News & Tours
August 31, 2009

As An learned, making history can be grueling

__TULSA, OKLA.--They only engrave your name on the Havemeyer Trophy, not the number of  birdies or bogeys you made during the 36-hole final match. That should allow__Byeong-Hun An, the 2009 U.S. Amateur champion, to rest a little easier should he be nervous about how his victory yesterday at Southern Hills GC will be remembered.

Truth be told, history is far more likely to recall what the 17-year-old South Korean import accomplished--becoming the youngest winner of the USGA's oldest event yesterday--than how he accomplished it. Shooting the equivalent of nine over par with the usual match-play concessions will fade with time, particularly when you consider the convincing 7-and-5 final score.

The saving grace for An was the fact his opponent, Clemson fifth-year senior Ben Martin, struggled even more with his game on Sunday, hitting just nine of 24 fairways and only 12 of 31 greens while shooting 15 over on the day.

"As tough as this golf course is, you've got to be hitting quality shots," Martin said. "I was just kind of out there searching for something and never found it, especially in that second 18."

To say their collective play during the championship match was ragged would be an understatement. An and Martin made just five birdies between them, offset by 23 bogeys and three double bogeys. Amazingly, on just three of the 31 holes did both players safely hit their drives in the fairway and approach shots on the green.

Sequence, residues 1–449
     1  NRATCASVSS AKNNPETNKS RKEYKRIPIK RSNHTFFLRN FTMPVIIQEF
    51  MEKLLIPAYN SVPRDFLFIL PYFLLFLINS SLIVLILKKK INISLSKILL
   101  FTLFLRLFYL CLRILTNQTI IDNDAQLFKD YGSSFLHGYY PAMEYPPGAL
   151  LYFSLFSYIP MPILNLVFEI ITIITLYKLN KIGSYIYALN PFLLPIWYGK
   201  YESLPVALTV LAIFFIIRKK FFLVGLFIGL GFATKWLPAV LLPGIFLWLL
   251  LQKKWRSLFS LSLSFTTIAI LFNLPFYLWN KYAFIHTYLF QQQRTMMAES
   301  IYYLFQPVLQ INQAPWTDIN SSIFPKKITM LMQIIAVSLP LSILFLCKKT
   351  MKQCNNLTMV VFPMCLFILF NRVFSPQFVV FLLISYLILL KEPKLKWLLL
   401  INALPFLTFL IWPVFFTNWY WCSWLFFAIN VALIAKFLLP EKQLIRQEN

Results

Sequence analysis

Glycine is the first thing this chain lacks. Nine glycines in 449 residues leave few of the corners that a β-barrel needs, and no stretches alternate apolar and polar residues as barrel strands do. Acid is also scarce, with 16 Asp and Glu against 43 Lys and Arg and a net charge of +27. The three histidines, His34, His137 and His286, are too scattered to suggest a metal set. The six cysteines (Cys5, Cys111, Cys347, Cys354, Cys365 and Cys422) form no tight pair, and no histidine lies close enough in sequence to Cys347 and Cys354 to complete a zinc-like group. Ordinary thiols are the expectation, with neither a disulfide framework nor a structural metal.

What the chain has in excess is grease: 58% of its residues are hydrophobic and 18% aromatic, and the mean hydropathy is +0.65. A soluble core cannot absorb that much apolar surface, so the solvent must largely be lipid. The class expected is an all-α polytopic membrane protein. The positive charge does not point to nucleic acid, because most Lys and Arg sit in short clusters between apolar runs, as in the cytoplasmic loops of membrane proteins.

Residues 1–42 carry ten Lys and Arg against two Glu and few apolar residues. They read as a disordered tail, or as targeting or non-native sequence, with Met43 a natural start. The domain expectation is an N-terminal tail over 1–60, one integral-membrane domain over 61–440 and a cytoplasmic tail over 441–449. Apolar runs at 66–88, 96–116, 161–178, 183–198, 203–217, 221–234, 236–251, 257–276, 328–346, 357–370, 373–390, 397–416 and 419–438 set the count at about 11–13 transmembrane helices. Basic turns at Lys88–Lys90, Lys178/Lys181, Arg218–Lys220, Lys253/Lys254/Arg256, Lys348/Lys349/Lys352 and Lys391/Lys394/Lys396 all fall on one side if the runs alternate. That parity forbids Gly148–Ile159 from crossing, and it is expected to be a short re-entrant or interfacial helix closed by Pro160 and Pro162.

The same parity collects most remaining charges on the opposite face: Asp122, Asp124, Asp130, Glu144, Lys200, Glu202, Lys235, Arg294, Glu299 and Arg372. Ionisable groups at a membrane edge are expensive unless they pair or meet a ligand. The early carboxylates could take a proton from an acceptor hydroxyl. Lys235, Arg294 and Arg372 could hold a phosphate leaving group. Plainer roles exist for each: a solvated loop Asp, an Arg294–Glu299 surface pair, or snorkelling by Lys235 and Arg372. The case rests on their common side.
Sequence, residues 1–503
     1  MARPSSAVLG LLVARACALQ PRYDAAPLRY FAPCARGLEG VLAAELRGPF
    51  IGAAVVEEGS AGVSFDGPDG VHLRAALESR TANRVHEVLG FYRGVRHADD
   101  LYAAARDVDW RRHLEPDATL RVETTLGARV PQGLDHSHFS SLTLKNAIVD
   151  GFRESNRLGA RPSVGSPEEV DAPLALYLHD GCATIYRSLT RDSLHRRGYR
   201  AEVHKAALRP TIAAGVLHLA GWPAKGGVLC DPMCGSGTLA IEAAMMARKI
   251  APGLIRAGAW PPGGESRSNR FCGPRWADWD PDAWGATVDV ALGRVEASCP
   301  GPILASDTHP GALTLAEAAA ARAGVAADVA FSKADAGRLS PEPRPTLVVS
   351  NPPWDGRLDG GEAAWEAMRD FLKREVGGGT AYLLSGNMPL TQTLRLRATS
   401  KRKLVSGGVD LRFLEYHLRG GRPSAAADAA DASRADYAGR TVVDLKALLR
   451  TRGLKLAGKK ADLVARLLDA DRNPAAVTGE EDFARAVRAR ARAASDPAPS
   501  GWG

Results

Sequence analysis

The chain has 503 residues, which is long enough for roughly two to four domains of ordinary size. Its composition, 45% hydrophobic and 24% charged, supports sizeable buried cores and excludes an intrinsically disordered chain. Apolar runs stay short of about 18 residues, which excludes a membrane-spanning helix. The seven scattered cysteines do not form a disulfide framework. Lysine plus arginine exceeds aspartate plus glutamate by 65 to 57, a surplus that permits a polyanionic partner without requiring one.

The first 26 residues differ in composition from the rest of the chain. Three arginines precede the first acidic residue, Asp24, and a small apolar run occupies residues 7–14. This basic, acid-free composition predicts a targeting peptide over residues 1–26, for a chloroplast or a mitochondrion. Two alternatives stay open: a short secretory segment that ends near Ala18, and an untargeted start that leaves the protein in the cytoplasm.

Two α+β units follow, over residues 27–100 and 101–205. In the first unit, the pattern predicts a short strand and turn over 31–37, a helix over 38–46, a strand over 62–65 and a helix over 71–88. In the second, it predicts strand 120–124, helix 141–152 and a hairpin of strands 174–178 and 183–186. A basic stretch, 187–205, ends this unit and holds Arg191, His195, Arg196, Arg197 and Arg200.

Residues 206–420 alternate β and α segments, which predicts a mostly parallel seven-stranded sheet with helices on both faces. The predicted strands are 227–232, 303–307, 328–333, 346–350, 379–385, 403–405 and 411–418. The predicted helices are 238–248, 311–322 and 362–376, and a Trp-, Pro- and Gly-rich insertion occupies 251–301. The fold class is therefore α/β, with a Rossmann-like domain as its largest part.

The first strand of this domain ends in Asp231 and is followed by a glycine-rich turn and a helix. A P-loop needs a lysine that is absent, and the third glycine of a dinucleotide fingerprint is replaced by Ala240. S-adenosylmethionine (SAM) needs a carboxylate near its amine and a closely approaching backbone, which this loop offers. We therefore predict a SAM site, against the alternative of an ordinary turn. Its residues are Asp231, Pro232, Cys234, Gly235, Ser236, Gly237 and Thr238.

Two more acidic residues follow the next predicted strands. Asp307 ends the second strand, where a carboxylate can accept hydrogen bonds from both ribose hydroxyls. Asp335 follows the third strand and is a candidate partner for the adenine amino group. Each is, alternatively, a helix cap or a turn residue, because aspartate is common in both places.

"We were both exhausted after all the rounds, and then you have to play 36 holes today," said An. "Obviously that makes people tired. I think that's why we both made a lot of mistakes on the course today."

Indeed, it was obvious that, after six grueling days of competition on a golf course that tested both the physical and mental aspects of their games, the last two men standing simply couldn't stand for very much longer. (And to think what it might have been like that the 95-degree heat at the start of the week lingered through the weekend, instead of the low 80s that arrived for the weekend.)

"It was as much mental fatigue as anything," said Martin's father/caddie, Jim. "He was indecisive about club selection. He'd pull something out and then put it back in. That hadn't happened to him all week."

Sure Martin would have loved to have won, but the consolation prizes for having reached the finals--spots in next year's Masters and U.S. Open--are sure to soothe a bruised ego.

As for An, he'll be making his way to Augusta National and Pebble Beach, too, as well as taking a trip to St. Andrews for the British Open. Two months later, he expects to arrive on campus at Cal-Berkley, where he has verbally committed to play golf for the Bears after graduating from high school next spring. Unlike the previous holder of the "youngest Amateur champion" label, Danny Lee, An says he has no intention of turning professional any time soon.

In his immediate future, An actually has another tournament to play. After spending a few days back home in Bradenton, Fla., catching up on the first week of school that he missed, An will drive to Jacksonville and play in the AJGA Junior Players Championship at TPC Sawgrass Sept. 3-6.

"I'll enjoy this moment right now, but starting next week, ... I'll go back to the same mentality I had a few days ago before I played this tournament," An said. "I'll try to ignore [the expectations]. I've still got a long career to go. It's not done."

On the contrary, it's only just begun.